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Defining Green Jobs

by Valerie Brooke and Cameron Carter (Editors)

Available formats:    PDF

Today the term Green Jobs has moved away from such old notions as careers associated with gardeners, groundskeepers, landscapers, and/or horticulturists. We now think about Green Jobs in terms of environmentally-green employment sectors.

These sectors might include but are not limited to work activities in the area of:

1. Alternative fuels and alternative fuel vehicles,
2. Energy efficiency, including green building and sustainable design,
3. Environmental protection and preservation, including conservation,
4. Organic and recycled products,
5. Renewable energy, including solar, wind and geothermal,
6. Sustainable and organic agriculture, and
7. Sustainable business practices, including cleantech (Cassio, 2009).

Attempts to define green jobs have favored a limited view. For many nationally recognized experts they see green jobs defined as jobs in the renewable energy and energy efficiency sectors. While these sectors are critical to the green economy Cassio (2009) reminds us that they represent a small portion of a much larger picture.

In early 2009, the White House Task Force on the Middle Class came out with a report on green jobs that included a more inclusive working definition:

Green jobs provide products and services which use renewable energy resources, reduce pollution, conserve energy and natural resources, and reconstitute waste.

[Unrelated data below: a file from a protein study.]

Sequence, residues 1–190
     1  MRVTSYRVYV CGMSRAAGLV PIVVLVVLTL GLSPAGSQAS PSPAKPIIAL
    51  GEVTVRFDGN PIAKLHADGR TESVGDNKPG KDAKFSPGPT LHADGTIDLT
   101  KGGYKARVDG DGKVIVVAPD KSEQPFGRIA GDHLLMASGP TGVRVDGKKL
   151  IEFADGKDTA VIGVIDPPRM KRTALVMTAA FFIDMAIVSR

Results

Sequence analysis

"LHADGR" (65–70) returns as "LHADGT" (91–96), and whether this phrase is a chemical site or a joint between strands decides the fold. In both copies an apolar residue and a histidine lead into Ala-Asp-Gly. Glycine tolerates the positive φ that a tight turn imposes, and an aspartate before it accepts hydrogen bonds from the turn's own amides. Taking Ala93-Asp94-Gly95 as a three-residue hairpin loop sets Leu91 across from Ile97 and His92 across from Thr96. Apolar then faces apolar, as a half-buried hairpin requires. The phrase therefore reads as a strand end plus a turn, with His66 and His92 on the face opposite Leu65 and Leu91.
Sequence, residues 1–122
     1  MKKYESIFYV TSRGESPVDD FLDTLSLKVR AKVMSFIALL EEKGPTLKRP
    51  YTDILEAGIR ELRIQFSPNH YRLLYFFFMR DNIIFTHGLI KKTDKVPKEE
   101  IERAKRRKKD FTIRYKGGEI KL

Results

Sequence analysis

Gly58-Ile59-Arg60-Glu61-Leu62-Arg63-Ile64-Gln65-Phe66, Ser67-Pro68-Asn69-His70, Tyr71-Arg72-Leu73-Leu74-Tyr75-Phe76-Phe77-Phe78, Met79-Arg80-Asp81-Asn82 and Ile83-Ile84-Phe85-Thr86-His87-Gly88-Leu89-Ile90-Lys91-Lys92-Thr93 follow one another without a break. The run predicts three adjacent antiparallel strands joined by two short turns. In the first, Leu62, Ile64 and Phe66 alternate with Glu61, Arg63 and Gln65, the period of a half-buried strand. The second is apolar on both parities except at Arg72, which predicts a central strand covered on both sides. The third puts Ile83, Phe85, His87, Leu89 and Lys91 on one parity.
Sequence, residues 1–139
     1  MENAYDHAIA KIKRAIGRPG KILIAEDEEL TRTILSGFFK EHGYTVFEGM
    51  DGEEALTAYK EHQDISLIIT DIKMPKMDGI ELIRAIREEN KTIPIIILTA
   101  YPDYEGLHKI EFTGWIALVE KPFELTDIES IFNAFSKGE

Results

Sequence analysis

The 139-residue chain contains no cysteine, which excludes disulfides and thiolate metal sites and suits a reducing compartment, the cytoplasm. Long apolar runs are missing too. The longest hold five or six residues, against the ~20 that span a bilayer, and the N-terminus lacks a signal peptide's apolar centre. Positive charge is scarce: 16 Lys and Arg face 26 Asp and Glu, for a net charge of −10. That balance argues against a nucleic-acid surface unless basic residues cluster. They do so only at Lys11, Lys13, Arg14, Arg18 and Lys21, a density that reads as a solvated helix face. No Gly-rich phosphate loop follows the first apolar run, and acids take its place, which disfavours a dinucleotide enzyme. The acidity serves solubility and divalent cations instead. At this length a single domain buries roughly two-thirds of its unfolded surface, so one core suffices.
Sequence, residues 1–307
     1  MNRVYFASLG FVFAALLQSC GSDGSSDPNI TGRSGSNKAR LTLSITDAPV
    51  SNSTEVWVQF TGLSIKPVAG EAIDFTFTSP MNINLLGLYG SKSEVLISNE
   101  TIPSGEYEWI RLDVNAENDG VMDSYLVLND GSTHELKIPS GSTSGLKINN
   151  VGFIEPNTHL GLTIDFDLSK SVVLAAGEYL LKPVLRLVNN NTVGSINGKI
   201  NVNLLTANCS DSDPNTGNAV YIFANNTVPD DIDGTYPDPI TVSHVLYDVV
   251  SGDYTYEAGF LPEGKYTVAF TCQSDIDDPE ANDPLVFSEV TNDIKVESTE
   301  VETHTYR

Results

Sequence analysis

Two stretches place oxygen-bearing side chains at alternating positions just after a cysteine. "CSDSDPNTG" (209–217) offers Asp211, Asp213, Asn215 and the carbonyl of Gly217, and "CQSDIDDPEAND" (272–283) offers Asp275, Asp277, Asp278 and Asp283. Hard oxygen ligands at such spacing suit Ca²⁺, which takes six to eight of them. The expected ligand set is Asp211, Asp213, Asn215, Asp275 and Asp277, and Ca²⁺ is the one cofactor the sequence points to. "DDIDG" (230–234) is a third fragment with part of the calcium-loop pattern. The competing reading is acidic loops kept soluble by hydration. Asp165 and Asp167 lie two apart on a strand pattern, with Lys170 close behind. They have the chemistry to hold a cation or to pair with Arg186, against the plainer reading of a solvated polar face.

Key Concept in Green Jobs is the Idea of Sustainability

Sustainability is the capacity to endure. That includes biological systems that must remain diverse and productive over time. For humans, sustainability means long-term survival and wellbeing, which in turn depends on the well-being of the natural world and the responsible use of our natural resources. The original definition is sustainability, now 25 years old is still relevant today:

Meeting our needs while not com-promising the ability of future generations to meet their needs. -- United Nations World Commission on Environment
and Development (Brundtland Commission)

Where Should HVRPs Begin the Job Search for Green Jobs?

With the notion of sustainability taking root across the board, green jobs are found in virtually all industries - although not necessarily in large numbers. Some of those green jobs reflect new and emerging occupations, changing occupations, and others reflect traditional occupations where the work hasn’t changed much in the last decade (The Pew Charitable Trusts, 2009).

To View a full list of Green Job opportunities in the industry, nonprofit, and public/governmental sectors, download the factsheet PDF.